Could an HIV Drug Be the Coronavirus Cure Everyone Is Looking For?

As the COVID-19 pandemic gets worse, with no sign of stopping, the race for a cure is on.

As cases of COVID-19 continue to spread worldwide, and the World Health Organization (WHO) declaring it a pandemic, the race is on to find a cure. A possible answer could lie in an antiretroviral HIV treatment drug, or in antivirals.

Experts at the Centers for Disease Control (CDC) and WHO believe the antiviral drug remdesivir, developed by Gilead, has the most promise for providing treatment in the short term to those suffering. It was created as a treatment for Ebola virus and Marburg virus, but has shown some efficacy in combating other viruses, including SARS and MERS, both of which are also coronaviruses.

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Now comes the cold water: Remdesivir is currently not approved for any use.

As a result of this data, limited though it may be, as well as the serious nature of this pandemic, Gilead has been supplying remdesivir to those most in need under a compassionate use basis in the United States, China, and Italy.

The first U.S. patient treated with the drug, a 35-year-old Washington man, recovered, reports The Guardian, but, as Gilead notes on its site, “individual compassionate use cases are not sufficient to determine the safety and efficacy of remdesivir in treating COVID-19–this can only be determined through prospective clinical trials.”

The antiretroviral drug Kaletra, also known as Aluvia, developed by AbbVie, is also being tested to treat the deadly coronavirus. It contains the medications lopinavir and ritonavir, and is approved for use as an HIV treatment drug. It is also now being used on an experimental basis to treat COVID-19.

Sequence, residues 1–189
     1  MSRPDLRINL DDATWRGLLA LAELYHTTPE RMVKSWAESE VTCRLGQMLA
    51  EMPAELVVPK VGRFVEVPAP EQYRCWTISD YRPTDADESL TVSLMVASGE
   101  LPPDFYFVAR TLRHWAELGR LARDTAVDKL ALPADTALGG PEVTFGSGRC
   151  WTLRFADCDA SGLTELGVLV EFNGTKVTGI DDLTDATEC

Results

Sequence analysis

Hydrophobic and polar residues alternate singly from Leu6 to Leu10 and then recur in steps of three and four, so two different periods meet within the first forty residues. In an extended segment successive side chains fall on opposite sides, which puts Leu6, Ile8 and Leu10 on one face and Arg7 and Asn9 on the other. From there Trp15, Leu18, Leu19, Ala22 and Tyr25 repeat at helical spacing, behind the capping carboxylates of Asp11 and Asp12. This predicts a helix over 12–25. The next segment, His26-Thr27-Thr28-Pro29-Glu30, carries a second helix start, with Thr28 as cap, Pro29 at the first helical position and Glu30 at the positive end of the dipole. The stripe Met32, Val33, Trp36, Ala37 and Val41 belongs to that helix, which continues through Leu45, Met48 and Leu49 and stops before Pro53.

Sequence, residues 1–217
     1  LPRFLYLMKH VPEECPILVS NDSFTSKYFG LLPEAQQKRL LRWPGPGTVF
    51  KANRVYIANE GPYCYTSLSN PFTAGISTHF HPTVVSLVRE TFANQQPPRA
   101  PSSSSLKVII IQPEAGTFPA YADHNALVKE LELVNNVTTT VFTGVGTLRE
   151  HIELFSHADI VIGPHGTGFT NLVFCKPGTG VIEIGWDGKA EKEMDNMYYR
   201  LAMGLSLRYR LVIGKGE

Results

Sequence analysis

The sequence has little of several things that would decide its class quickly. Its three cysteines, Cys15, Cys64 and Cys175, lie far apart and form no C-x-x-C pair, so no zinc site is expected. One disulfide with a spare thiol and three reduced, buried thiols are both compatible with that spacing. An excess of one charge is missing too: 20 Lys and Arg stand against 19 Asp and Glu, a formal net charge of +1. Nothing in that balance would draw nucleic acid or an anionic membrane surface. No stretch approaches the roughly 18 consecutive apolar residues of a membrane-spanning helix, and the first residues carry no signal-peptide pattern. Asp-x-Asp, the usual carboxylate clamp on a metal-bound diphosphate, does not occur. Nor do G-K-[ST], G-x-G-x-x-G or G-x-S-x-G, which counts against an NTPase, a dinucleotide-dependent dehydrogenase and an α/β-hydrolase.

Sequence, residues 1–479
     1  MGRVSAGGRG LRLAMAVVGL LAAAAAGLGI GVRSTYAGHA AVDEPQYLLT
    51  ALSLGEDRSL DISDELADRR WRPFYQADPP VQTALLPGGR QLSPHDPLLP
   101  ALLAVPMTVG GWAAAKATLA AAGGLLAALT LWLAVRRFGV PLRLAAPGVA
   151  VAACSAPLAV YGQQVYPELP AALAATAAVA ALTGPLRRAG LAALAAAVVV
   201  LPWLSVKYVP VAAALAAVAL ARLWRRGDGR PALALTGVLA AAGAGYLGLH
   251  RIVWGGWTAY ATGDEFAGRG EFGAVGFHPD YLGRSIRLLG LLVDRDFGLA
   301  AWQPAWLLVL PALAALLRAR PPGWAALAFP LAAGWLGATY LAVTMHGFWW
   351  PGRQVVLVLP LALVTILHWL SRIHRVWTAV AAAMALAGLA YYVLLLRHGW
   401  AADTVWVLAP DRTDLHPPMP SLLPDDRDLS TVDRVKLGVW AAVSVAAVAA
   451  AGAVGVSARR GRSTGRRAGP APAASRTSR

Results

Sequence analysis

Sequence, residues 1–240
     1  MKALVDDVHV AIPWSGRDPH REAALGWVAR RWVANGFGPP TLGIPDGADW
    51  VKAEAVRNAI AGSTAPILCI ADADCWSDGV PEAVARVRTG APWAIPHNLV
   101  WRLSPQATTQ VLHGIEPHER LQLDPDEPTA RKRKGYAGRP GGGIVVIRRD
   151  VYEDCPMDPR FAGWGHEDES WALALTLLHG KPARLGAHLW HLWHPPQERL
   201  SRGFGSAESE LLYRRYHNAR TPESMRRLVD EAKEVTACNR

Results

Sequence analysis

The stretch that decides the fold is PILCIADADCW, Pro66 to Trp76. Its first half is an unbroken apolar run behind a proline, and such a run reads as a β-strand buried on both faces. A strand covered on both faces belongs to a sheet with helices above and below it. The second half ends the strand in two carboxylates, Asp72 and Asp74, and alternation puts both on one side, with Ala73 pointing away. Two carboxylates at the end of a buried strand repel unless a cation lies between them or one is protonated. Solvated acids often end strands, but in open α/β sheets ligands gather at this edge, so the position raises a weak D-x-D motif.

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AbbVie donated the medication to the Chinese government for use against the disease and said on Monday that unconfirmed media reports out of the country claimed it was proving effective, according to RTTNews.

The company also noted, however, that it did not have access to Chinese clinical information, and so could not confirm nor deny the accuracy of those reports. AbbVie is currently working with global health authorities to determine the drug’s safety and efficacy for treating COVID-19, including the CDC and the U.S. Food and Drug Administration (FDA).

It said it also did not anticipate disruption to the supply of the medication for those living with HIV.

Virologist Timothy Sheahan told The Guardian his “personal feeling is that things like Kaletra are not going to be efficacious.”

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“I’m skeptical that a very specific drug for HIV protease is going to work against a coronavirus,” he continued. “We did head-to-head studies in mice and cells comparing remdesivir and lopinavir, and lopinavir didn’t work as well.”

He did say, however, that he still felt testing Kaletra, as well as hepatitis drugs, which are also being looked to as a possible treatment, was worth the effort in spite of his feeling that “chances of finding something very useful” were low.

The COVID-19 U.S. death toll has risen to 31, with the global number now above 4,300. The number of confirmed cases currently exceeds 121,000 worldwide.

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